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The evolution of trade treaties and trade creation : lessons for Latin America

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  • Rajapatirana, Sarath

Abstract

The author examines the main distinction between trade liberalization under the General Agreement on Tariffs andTrade (GATT) and under regional trading agreements. Under the GATT, trade liberalization is based on the most-favored-nation principle. Under regional trade agreements, it is based on preferential trade. Establishing regional trade agreements does not necessarily lead to greater regional integration. The European Economic Community has been an exception, and with greater integration, regional trade has grown steadily. The Association of South East Asian Nations (ASEAN) has been a weak association, but trade among ASEAN members has increased rapidly because member countries have undertaken multilateral trade liberalization. The efforts of Latin American countries to create regional trade associations in the 1960s, based on protectionist policies, reduced trade not only regionally, but with the rest of the world. In contrast, the Latin American regional trading agreements of the 1980s and 1990s have liberalized trade among the groups. Proper regional trading agreements must conform to Article XXIV of the GATT, but nearly all the countries that have created regional integration schemes have not followed it. These regional trading agreements have not increased protection, but neither has there been across-the-board trade liberalization. Regional trading agreements carry with them the danger of trade diversion (when imports that used to come from third countries at lower prices become costlier because of preferential access granted to a higher-cost regional source). How can Latin American countries reduce trade diversion in their regional trading agreements? : 1) keep protection low in the first place; 2) have open regional trade associations (so that it is easy for new partners to join); 3) continue liberalizing trade with the rest of the world, following the most-favored-nation principle; 4) establish common markets rather than free trade areas (because rules of origin create new barriers, including bureaucracies); 5) coordinate regulatory and competition policies (eliminate laws that limit competition and adopt common external tariffs); and 6) improve roads, ports, and means of communications.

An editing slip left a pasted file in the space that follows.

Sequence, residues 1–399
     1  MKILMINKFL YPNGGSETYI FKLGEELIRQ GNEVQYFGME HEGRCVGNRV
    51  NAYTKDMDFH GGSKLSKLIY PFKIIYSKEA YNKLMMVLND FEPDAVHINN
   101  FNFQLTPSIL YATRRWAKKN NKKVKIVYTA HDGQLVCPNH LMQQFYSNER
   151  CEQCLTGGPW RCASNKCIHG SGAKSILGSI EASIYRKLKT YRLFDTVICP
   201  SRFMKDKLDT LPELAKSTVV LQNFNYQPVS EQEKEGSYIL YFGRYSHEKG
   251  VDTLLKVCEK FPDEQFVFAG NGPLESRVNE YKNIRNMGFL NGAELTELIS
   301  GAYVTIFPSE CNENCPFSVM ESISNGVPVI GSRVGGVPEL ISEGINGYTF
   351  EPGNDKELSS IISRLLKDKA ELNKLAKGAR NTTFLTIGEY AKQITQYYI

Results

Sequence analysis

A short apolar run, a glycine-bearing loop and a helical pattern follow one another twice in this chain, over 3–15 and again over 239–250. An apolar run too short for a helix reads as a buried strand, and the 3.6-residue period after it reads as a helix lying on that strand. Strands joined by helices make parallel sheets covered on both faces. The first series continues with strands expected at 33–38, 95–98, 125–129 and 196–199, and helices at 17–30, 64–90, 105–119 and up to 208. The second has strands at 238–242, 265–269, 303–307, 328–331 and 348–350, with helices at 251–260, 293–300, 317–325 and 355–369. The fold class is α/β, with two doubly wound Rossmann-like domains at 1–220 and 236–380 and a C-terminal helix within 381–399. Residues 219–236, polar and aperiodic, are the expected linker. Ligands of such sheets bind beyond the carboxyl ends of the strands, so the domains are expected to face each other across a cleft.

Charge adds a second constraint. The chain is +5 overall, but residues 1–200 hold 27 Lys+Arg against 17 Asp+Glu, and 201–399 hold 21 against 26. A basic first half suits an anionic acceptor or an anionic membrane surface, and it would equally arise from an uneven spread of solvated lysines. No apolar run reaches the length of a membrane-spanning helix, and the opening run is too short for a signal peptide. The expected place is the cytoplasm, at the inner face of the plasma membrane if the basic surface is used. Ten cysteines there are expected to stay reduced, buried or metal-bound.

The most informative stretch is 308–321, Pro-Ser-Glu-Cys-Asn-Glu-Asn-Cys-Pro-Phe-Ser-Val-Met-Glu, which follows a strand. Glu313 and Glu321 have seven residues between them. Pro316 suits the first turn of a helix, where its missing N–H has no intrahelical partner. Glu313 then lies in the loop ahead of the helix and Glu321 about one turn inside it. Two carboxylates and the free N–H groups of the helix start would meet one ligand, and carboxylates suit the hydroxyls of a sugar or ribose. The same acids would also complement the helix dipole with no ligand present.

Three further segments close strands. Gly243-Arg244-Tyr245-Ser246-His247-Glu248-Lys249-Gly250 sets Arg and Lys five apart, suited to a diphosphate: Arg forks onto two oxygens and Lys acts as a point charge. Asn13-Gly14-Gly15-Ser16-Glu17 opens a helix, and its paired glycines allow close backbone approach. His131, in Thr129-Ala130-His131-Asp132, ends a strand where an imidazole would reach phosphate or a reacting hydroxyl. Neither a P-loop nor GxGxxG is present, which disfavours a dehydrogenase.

Suggested Citation

  • Rajapatirana, Sarath, 1994. "The evolution of trade treaties and trade creation : lessons for Latin America," Policy Research Working Paper Series 1371, The World Bank.
  • Handle: RePEc:wbk:wbrwps:1371
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    References listed on IDEAS

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    1. Steinberg, Richard H., 1993. "Antidotes To Regionalism: Responses to Trade Diversion Effects of the North American Free Trade Agreement," UCAIS Berkeley Roundtable on the International Economy, Working Paper Series qt6tj728h5, UCAIS Berkeley Roundtable on the International Economy, UC Berkeley.
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    Cited by:

    1. Innwon Park & Soonchan Park, 2011. "Best practices for regional trade agreements," Review of World Economics (Weltwirtschaftliches Archiv), Springer;Institut für Weltwirtschaft (Kiel Institute for the World Economy), vol. 147(2), pages 249-268, June.
    2. Innwon Park & Soonchan Park, 2009. "Free Trade Agreements versus Customs Unions: An Examination of East Asia," Asian Economic Papers, MIT Press, vol. 8(2), pages 119-139, Spring.
    3. Hamanaka, Shintaro, 2012. "Evolutionary paths toward a region-wide economic agreement in Asia," Journal of Asian Economics, Elsevier, vol. 23(4), pages 383-394.
    4. Park, Innwon & Park, Soonchan, 2009. "Consolidation and Harmonization of Regional Trade Agreements (RTAs): A Path Toward Global Free Trade," MPRA Paper 14217, University Library of Munich, Germany, revised 23 Mar 2009.
    5. Rajapatirana, Sarath, 1996. "Evaluating Bolivia's choices for trade integration," Policy Research Working Paper Series 1632, The World Bank.
    6. Nigel Nagarajan, 1998. "MERCOSUR and Trade Diversion: What Do The Import Figures Tell Us?," European Economy - Economic Papers 2008 - 2015 129, Directorate General Economic and Financial Affairs (DG ECFIN), European Commission.
    7. Valdes, Alberto, 1995. "Joining an Existing Regional Trade Agreement: Issues and Policies from the Perspective of a Small Open Economy in Latin America," 1995: Economic Integration in the Western Hemisphere Symposium, June 7-9, 1995, San Jose, Costa Rica 50807, International Agricultural Trade Research Consortium.
    8. Laird, Sam, 1997. "MERCOSUR: Objectives and achievements," WTO Staff Working Papers TPRD-97-02, World Trade Organization (WTO), Economic Research and Statistics Division.
    9. González-Vega, Claudio, 1995. "Strategic options of commercial policy for Central America: basic guidelines," Oficina de la CEPAL en Washington (Estudios e Investigaciones) 28977, Naciones Unidas Comisión Económica para América Latina y el Caribe (CEPAL).

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